Hackers hit cheating site Ashley Madison and threaten to expose users

Cheating website Ashley Madison has been breached by a hacker group claiming the site’s owners defraud users who pay to have their personal information deleted.

A large cache of stolen data belonging to Avid Life Media (ALM), the Toronto-based company behind Ashley Madison and other hookup websites, was reportedly published online Sunday night. As proof of the attack, the hackers leaked the company’s banking and employee records, a map of their internal network, and snippets of user account data, according to security blogger Brian Krebs, who first reported the breach.

In statement early Monday, ALM, which also owns the hookup sites Cougar Life and Established Men, confirmed a “criminal intrusion into [its] customers’ information.”

“We were recently made aware of an attempt by an unauthorized party to gain access to our systems,” the company said. “We immediately launched a thorough investigation utilizing leading forensics experts and other security professionals to determine the origin, nature, and scope of this incident.”

A group calling itself Impact Team took credit for the attack. It said the breach was a response to a $19 fee ALM charges its users to delete their personal information from Ashley Madison, whose tagline is: “Life is short. Have an affair.” According to the hackers, the service is a fraud and the user information isn’t actually purged.

“Full Delete netted ALM $1.7m in revenue in 2014. It’s also a complete lie,” Impact Team wrote in a lengthy manifesto. “Users almost always pay with credit card; their purchase details are not removed as promised, and include real name and address, which is of course the most important information the users want removed.”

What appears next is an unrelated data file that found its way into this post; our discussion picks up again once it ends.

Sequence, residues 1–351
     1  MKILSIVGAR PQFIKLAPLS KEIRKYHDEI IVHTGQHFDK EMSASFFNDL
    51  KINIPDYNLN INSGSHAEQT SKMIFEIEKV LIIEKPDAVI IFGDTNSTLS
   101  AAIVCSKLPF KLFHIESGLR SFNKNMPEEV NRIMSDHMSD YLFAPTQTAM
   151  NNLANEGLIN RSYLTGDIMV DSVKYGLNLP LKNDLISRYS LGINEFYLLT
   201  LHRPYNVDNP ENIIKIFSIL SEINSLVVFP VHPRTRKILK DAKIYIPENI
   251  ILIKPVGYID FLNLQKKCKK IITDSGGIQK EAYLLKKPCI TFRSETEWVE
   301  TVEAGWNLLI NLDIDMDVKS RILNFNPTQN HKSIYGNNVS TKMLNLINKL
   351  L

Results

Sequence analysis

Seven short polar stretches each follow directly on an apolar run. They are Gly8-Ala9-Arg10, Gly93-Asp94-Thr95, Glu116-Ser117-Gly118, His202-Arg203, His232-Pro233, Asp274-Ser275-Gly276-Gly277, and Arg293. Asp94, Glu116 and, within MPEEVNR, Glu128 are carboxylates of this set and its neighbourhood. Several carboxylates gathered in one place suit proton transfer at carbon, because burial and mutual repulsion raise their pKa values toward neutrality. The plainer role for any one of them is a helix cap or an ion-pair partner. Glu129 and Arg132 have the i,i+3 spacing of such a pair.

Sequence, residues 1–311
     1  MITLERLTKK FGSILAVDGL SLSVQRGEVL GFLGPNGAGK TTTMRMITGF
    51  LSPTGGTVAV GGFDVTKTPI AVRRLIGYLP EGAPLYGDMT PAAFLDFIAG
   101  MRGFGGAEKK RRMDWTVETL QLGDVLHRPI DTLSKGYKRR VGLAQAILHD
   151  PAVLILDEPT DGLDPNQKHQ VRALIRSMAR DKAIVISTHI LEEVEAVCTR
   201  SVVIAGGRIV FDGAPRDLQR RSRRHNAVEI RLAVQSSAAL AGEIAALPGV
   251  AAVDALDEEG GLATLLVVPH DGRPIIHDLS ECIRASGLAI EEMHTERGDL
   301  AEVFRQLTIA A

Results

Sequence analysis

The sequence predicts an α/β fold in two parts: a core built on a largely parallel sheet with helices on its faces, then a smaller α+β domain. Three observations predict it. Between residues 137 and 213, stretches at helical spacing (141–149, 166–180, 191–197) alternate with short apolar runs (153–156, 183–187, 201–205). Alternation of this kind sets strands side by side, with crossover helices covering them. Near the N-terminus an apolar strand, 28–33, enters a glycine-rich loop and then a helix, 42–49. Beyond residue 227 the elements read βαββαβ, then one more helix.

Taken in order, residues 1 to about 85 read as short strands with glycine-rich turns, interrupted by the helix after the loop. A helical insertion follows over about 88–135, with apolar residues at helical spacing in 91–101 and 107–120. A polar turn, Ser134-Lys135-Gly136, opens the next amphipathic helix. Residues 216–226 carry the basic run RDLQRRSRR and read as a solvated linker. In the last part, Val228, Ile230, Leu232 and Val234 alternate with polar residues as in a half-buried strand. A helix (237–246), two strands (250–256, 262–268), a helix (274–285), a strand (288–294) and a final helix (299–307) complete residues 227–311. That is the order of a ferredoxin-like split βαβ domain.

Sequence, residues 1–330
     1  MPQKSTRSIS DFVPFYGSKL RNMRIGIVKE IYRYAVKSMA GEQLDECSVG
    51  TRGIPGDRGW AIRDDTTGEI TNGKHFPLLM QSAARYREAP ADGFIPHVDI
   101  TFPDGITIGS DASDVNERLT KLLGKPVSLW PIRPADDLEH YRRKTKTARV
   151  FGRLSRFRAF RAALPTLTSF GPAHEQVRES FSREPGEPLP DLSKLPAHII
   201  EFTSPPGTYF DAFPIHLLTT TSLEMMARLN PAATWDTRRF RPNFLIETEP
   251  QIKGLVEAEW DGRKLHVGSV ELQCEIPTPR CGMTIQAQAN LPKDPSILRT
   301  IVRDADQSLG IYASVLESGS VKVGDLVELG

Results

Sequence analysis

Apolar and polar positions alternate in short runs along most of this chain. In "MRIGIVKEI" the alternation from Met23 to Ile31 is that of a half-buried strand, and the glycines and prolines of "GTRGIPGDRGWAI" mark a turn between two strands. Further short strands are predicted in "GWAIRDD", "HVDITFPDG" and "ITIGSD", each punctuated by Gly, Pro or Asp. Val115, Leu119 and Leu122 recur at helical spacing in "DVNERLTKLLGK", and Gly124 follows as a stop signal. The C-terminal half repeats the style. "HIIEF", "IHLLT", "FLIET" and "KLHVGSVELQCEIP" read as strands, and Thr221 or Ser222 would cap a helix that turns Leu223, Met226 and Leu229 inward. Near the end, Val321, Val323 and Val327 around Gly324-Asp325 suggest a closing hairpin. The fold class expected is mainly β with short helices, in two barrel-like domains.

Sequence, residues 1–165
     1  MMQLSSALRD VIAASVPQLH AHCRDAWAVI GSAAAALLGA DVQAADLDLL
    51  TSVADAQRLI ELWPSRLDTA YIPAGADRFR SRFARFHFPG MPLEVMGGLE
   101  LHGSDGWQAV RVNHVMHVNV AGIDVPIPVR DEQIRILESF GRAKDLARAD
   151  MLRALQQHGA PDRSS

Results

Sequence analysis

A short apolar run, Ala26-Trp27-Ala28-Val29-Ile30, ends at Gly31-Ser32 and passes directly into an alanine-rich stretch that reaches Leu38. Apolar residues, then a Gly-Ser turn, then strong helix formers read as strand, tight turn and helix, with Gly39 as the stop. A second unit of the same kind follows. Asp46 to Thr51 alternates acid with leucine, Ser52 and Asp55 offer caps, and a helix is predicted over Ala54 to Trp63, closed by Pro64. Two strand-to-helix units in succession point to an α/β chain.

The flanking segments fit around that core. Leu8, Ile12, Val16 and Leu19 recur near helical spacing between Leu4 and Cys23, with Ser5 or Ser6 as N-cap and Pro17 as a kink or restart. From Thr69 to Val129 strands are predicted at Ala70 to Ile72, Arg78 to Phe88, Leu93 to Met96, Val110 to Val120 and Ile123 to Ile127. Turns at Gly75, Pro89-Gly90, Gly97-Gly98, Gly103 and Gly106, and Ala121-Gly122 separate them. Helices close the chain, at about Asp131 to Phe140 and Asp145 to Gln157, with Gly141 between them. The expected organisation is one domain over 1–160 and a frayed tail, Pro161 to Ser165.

"A snippet of the message left behind by the Impact Team." —

“A snippet of the message left behind by the Impact Team.” —

Brian Krebs

 

With ALM’s customer data in hand, Impact Team has reportedly issued the following demand:

“Avid Life Media has been instructed to take Ashley Madison and Established Men offline permanently in all forms, or we will release all customer records, including profiles with all the customers’ secret sexual fantasies and matching credit card transactions, real names and addresses, and employee documents and emails. The other websites may stay online.”

According to ALM, Ashley Madison has more than 36 million members in 46 countries. It is reportedly the second-largest dating website behind Match.com.

The timing could not be worse for the company, which in April announced plans to raise as much as $200 million with an initial public offering in London later this year.

Photo by Sarah/Flickr (CC BY 2.0) | Remix by Dell Cameron

Dell Cameron

Dell Cameron

Dell Cameron was a reporter at the Daily Dot who covered security and politics. In 2015, he revealed the existence of an American hacker on the U.S. government's terrorist watchlist. He is a co-author of the Sabu Files, an award-nominated investigation into the FBI's use of cyber-informants. He became a staff writer at Gizmodo in 2017.